‘Twilight’, starring Kristen Stewart and Robert Pattison, follows a well-worn path where vampire movies are concerned. Sure, the cinematography is engaging and exhilarating, the lead characters are attractive and monotone, and look good in light makeup and grey screen wash, but isn’t that what we’ve come to expect?
Stewart plays Bella Swan, a 17-year-old high school student who moves in with her father (Billy Burke) after her mother remarries and decides to travel for a year. The school welcomes her with open arms and she instantly has a group of friends that include her in all that they do, as well as give her the low down on a particular group of students that attend the school, the Cullens.
Pattison plays Edward, the Cullen closest to Bella’s age, and has an instant reaction to Bella – good or bad, it isn’t really clear right away. But as the story unfolds we can tell he wants nothing more than to be near her, though he fights it. We soon find out he has a secret, and the story unfolds from there.
Stewart, who played Jodi Foster’s daughter in ‘Panic Room’ and Emile Hirsch’s love interest in ‘Into The Wild’, is quite beautiful and appropriately sullen in her role, and has some nice moments aside from the sometimes over dramatic dialogue that is given to her. Pattison fares quite the same. Some may remember him as Cedric Diggory in ‘Harry Potter and the Goblet of Fire’. He is admittedly older here and has grown into his looks a bit, but doesn’t show the range he did in ‘Potter’. Sure, he’s handsome, brooding, has big hair and is softspoken, but it doesn’t go much further than that.
The supporting cast isn’t bad. No one stands out and all do an admirable job with what they are given to do, except Peter Facinelli who plays the head of the Cullen clan. Facinelli with bleach blonde dyed hair and over-the-top white face makeup, makes you wonder why his look and behavior hasn’t alerted someone to think there’s just something not quite right with the Cullen family.
The story moves along, and we pretty much guess what will happen, even if we haven’t read the books, and that’s ok. It’s a vampire movie. A stylized vampire movie with an attractive cast and it’s not bad, but it won’t be winning any Academy Awards as far as I am concerned.
‘Twilight’ was originally a novel written by Stephanie Meyer; Melissa Rosenberg wrote the screenplay and Catherine Hardwicke directed the film. Meyer wrote Twilight in 2005 and it became an instant hit. She followed that with three sequels selling over 17 million copies worldwide.
Should you see the film? Sure, just don’t pay full price for it. The theatre I went to offers a student discount on Thursdays ONLY, and the price for a matinee ticket was nine bucks.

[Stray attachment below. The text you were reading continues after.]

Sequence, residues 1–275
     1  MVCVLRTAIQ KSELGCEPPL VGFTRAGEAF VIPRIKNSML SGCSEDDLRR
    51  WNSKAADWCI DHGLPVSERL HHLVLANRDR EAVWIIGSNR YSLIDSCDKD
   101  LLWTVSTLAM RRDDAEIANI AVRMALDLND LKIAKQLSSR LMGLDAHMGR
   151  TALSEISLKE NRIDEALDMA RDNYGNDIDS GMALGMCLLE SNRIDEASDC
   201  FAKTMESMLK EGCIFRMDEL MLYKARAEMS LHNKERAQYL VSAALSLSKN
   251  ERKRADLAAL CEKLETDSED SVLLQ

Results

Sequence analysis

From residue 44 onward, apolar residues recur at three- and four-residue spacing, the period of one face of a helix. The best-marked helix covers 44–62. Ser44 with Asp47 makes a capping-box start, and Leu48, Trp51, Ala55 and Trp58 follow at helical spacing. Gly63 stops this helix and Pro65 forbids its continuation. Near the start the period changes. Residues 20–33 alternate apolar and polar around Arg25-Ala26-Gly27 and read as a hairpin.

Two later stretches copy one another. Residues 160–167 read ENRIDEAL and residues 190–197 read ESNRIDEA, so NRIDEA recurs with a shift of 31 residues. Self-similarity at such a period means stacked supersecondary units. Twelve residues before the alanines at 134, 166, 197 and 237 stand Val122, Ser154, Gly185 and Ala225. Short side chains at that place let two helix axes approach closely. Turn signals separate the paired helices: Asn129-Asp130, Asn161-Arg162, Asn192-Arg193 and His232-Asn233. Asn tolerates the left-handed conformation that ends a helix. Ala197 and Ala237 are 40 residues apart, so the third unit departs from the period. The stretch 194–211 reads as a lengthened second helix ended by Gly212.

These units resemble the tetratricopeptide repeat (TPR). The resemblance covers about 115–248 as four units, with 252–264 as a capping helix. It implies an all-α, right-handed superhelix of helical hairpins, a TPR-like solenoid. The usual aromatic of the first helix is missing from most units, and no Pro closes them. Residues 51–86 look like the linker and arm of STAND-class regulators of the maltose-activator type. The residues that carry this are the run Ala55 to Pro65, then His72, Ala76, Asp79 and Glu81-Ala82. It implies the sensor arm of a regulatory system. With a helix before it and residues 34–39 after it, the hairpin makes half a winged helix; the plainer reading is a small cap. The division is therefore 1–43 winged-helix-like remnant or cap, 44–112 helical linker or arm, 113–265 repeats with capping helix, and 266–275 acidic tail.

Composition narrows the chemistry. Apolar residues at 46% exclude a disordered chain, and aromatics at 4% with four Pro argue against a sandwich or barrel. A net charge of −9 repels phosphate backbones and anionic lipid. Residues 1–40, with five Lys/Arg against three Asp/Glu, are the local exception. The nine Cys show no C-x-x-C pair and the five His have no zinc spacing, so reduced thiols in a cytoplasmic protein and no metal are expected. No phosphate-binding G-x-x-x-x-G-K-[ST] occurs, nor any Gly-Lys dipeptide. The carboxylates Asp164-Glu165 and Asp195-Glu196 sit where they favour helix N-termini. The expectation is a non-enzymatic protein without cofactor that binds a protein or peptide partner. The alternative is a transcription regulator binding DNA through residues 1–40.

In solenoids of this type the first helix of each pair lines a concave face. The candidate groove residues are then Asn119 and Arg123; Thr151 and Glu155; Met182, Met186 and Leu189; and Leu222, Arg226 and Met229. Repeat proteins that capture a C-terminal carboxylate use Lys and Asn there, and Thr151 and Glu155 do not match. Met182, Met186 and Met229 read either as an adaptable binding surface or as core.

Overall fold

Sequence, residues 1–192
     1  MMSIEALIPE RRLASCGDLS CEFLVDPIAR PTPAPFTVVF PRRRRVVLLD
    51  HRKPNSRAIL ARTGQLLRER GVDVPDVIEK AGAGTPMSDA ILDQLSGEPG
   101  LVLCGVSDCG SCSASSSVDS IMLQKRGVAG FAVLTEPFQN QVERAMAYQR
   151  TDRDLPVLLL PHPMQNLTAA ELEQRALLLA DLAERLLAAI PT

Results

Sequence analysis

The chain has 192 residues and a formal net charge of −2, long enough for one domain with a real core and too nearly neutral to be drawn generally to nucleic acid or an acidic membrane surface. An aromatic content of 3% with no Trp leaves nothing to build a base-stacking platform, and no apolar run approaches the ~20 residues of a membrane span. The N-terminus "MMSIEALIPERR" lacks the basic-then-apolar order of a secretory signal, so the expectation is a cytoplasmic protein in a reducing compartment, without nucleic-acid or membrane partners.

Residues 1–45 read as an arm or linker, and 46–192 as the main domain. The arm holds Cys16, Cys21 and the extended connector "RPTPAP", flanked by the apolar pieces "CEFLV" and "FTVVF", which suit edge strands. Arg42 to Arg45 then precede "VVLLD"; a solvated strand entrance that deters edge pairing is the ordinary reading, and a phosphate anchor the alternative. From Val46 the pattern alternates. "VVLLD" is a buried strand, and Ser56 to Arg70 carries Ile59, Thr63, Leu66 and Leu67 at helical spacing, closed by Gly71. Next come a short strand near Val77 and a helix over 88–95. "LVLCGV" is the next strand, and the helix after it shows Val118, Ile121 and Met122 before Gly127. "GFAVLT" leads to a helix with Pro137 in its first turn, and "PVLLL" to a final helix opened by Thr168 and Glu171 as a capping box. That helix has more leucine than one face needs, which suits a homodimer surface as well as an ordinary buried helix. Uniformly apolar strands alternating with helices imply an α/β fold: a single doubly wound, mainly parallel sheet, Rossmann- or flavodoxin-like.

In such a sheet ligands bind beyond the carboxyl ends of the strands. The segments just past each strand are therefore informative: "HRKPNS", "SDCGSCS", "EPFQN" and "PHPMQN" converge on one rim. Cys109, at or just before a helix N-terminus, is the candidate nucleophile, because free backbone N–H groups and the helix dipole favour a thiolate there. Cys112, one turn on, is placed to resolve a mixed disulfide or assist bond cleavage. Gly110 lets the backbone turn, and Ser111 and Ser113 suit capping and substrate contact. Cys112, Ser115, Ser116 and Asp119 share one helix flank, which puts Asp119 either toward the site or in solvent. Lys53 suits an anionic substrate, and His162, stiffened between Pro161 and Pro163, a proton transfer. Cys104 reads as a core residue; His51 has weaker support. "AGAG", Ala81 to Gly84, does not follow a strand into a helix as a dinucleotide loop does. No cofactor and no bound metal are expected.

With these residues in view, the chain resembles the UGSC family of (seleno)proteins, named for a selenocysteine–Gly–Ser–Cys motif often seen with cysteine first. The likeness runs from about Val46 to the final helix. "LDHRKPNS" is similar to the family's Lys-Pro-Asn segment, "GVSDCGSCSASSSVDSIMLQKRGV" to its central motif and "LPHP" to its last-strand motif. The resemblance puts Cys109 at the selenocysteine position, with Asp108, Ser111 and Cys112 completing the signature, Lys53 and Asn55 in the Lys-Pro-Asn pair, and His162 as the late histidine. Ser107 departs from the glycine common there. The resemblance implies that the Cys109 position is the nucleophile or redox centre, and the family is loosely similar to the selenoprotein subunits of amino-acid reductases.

‘The Boy in the Striped Pyjamas’ is much like ‘Twilight’ in the sense that it, too, follows a well-worn path where Holocaust films are concerned. However, this one is good and gives us a fresh perspective on the sad reality of what has happened in the past.
Pyjamas may not be the best holiday fare, but it sure should be an Oscar contender.
The film takes place in Nazi Germany. Director/screenwriter Mark Herman and novelist John Boyne show us the war through the bright and wide eyes of eight-year-old Bruno, played engagingly by Asa Butterfield.
For Bruno, life seems pretty easy and enjoyable – running home from school through the streets of Berlin with his school chums mimicking a fleet of flying planes – until his father, a Nazi officer, played by David Thewlis, uproots his mother (Vera Farmiga) and sister (Amber Beattie) and moves them out to the country.
Bruno, the forever eight-year-old, wants to do more than just sit at home with his tutor and play checkers by himself. So he goes out into his back yard and after walking for a while comes upon what he thinks is a farm. His discoveries lead him to see that there are many things wrong with this farm, which is a concentration camp. There, he befriends a boy his age named Shmuel played by Jack Scanlon. They continue their friendship through an electrified fence until Bruno realizes that he wants to help his friend.
Pyjamas is a rare, heartbreaking and harrowing film about the Holocaust and how the innocence of a young boy opens the eyes of those around him. The direction is flawless, and the haunting score by James Horner is beautiful. Thewlis turns in a chilling performance and Farmiga slowly and painfully discovers what her husband is doing, what they live next to and that her children are being exposed to something she can’t stop. Her performance will break your heart.
The last 15 minutes will leave you breathless and if you are like me, just sick to your stomach. It’s a wonderful film that shouldn’t be missed.